- Devices within the environment are able to reach out to other devices by default, rather than requiring specific permission.
- The traditional approach of bucketing assorted assets into separate network zones using VLANs or internal firewall deployments is burdensome to manage, and still gives attackers plenty of wiggle room to discover new assets, users, and data to target.
- Most organizations have not implemented the level of segmentation that would prevent a compromised device from being used to discover additional targets. End user devices and sensitive data inhabit the same network zones and environments, leaving short pathways for attackers to discover where sensitive data is stored.
Identity-based user-to-machine, user-to-application, and machine-to-machine access control is the key to preventing discovery and target enumeration. Each machine in an environment should only be able to detect the presence of other machines that it must communicate with in order to serve its function. An attacker can’t attack what they can’t see.
Blocking Ransomware Lateral Movement with Identity-based Microsegmentation and Secure Data Transfer
Lateral movement is how ransomware spreads from one machine to another to ultimately reach high value data to encrypt, and likely to exfiltrate, to extort a high ransom. As with other Tactics, there are many Techniques, Subtechniques, and Procedures for moving laterally.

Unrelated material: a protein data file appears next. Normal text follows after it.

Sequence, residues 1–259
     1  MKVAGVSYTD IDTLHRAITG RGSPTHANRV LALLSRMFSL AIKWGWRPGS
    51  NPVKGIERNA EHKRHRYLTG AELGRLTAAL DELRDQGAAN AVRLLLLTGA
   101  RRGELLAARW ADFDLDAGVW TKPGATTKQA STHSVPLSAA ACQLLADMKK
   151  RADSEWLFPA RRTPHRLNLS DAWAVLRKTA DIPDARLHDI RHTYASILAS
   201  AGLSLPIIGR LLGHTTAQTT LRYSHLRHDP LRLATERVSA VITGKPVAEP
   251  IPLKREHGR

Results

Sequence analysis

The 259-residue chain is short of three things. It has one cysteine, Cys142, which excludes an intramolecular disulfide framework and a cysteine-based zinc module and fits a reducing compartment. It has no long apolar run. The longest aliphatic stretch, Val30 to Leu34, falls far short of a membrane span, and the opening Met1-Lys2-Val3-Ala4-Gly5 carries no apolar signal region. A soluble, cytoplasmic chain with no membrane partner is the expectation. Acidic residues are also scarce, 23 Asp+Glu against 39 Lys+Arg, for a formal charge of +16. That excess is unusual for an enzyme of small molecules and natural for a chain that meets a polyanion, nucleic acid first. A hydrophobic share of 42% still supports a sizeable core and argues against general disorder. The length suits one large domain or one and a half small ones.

Many lateral movement techniques take advantage of built in networking tools and remote access utilities such as PowerShell to discover other machines that a local user has access to, then pivot to those machines. Some lateral movement techniques require manual, hands-on-keyboard action from the attacker. Others are “wormable,” meaning that they can automatically propagate themselves through certain known pathways on the target network. Remote access protocols such as RDP are common vectors. Once an attacker has gained access to sensitive machines or file shares, they need to transfer the actual malware that encrypts and exfiltrates the data.
In every case, the lateral movement phase relies heavily on target organizations allowing open and unencumbered communication between machines inside their environment. This is the classic “squishy middle” that exists in many organizations’ IT and OT networks. Once an attacker is inside, the barriers to prevent their expansion are lacking. Cybersecurity vendors and security operations teams must adapt their practices and technologies to prevent lateral movement as part of a holistic defense-in-depth approach to stopping ransomware.